The Hunnechurch Family Trifle Recipe

Discussion in 'U.K.' started by Jaz Delorean, Jan 13, 2005.

  1. Jaz Delorean

    Jaz Delorean Senior Member

    well if it isn't the jolly english yummynummy pudding: the trifle!! :p

    An English Trifle makes a fabulous dessert at any festive occasion or holiday dinner (not to mention an unusual plot device in Little White Lies). The "Hunnechurch Family Trifle" is a classic, made with authentic ingredients. It serves 8-10. A trifle is both a high carb and high fat dessert, so it is not an everyday dish (don't even think about dieting or cholesterol when you serve it up). However, as Pippa explains in Little White Lies: "Generations of Brits have aged gracefully on diets of fatty roast beef and trifle."

    It's suprisingly easy to make a classic trifle. To quote Chloe Hunnechurch-Parker, "you assemble it in a large, elegant glass bowl." You can use a glass trifle bowl, a punch bowl, or even a salad bowl. (Ron and Janet Benrey use a trifle bowl that cost $12. It measures about nine inches in diameter and six inches deep.)

    Main Ingredients

    • Pound cake or sponge cake — two one-pound loaves
    • Raspberry preserves — 8-ounce jar
    • Raspberry syrup — 8-ounce jar
    • Macaroons or Amaretti cookies — a handful, finely crushed
    • Slivered almonds — 4 tablespoons
    • Chopped candied fruit — 1/2 cup
    • Dessert sherry — 4 tablespoons (more if you prefer)

    • Eggs, two whole eggs, plus two egg yokes
    • Whole milk — 1 pint
    • Sugar — 1/4 cup
    • Vanilla extract — 1 teaspoon
    Whipped Cream

    • Heavy whipping cream — 8 ounces
    • Sugar — 1 tablespoon
    • Vanilla extract — 1/8 teaspoon
    [​IMG] Start by making small "sandwiches" of cake and raspberry jam. Each sandwich should measure roughly two-inches square and perhaps an inch thick. Line the trifle bowl with a layer of cake-and-jam sandwiches, leaving about 1/16 of space between each. Sprinkle finely crushed macaroons and slivered almonds on top. Add bits of candied fruit for color.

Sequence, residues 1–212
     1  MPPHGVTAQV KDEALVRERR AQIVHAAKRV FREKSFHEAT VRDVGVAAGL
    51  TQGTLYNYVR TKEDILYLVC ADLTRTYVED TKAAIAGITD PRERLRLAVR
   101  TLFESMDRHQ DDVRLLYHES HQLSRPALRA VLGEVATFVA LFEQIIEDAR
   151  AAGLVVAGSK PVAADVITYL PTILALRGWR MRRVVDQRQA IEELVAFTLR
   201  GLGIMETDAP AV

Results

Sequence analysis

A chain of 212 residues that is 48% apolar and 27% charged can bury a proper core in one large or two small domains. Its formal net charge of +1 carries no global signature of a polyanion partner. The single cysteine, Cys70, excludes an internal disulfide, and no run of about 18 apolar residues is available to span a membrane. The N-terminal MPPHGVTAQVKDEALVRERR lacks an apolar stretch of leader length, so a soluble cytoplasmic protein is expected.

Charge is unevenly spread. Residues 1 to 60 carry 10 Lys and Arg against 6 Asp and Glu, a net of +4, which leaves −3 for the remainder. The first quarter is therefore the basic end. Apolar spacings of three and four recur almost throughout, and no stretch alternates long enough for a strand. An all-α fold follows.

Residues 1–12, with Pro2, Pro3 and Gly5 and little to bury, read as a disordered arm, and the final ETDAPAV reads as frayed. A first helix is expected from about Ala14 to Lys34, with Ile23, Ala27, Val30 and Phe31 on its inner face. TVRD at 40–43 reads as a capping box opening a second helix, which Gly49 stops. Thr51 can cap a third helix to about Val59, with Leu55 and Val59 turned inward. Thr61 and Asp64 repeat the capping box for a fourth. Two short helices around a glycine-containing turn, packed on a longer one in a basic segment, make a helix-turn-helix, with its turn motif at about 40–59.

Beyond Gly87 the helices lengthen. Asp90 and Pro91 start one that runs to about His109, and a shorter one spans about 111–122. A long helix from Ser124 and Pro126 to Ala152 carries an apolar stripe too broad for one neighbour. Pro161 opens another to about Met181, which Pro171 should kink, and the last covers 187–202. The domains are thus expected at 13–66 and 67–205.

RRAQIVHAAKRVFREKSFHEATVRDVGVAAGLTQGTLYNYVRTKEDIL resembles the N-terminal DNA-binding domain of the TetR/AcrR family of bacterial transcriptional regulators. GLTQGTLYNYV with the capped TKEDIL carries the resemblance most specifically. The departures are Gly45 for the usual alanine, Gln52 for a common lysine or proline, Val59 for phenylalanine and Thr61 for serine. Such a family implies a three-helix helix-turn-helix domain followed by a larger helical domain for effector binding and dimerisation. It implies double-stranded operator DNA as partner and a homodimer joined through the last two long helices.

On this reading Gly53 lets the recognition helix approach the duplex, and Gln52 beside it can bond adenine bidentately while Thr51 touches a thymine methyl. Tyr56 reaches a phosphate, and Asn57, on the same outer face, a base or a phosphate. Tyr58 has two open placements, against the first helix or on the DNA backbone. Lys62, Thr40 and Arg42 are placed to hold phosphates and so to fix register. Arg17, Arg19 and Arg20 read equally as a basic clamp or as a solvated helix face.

Add a second, similarly spaced, layer of cake-and-jam sandwiches — this layer running in a different direction than the first. Sprinkle more crushed macaroons and slivered almonds. Top off with a third layer of cake-and-jam sandwiches. Moisten the cake-and-jam sandwiches with raspberry syrup and four tablespoons of dessert sherry. The photo, left, is what the "initial assembly" will look like. Do not worry about uniformity or neatness!


    Make custard in a heavy saucepan. Start by beating four egg yolks and two egg whites together. In another saucepan, heat one pint of milk and one quarter cup of sugar almost to the boiling point. Slowly trickle the hot milk into the beaten eggs, stirring constantly over low heat until the mixture starts to thicken. Do not let the mixture overheat, or you will make a pot full of scrambled eggs. Add one teaspoon of pure vanilla extract to the thickened custard.

    Pour the still-warm custard over the cake-and-jam sandwiches. As shown in the photo, right, the custard will fill the nooks and crannies between adjacent sandwiches. In effect, the flowing custard "ties together" the other trifle ingredients. When the custard has cooled to lukewarm, place the trifle bowl in the refrigerator to cool.